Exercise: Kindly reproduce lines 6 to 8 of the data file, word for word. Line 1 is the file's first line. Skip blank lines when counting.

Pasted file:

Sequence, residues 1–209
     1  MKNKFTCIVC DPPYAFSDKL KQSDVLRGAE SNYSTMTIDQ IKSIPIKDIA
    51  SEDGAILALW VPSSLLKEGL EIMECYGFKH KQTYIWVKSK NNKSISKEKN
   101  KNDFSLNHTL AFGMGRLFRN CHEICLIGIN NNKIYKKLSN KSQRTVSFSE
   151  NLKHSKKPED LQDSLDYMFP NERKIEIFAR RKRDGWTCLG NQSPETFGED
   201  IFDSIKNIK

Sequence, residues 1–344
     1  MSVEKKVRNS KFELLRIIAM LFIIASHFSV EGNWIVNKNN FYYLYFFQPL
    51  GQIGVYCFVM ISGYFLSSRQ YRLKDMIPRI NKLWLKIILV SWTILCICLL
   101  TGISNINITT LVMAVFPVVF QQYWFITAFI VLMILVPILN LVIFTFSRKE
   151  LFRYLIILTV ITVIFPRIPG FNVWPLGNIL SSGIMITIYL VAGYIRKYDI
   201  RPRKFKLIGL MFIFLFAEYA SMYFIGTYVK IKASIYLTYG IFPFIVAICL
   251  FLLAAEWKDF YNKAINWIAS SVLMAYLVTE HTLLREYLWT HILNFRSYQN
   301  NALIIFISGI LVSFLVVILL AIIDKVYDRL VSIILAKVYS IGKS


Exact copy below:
   201  IFDSIKNIK

Sequence, residues 1–344
     1  MSVEKKVRNS KFELLRIIAM LFIIASHFSV EGNWIVNKNN FYYLYFFQPL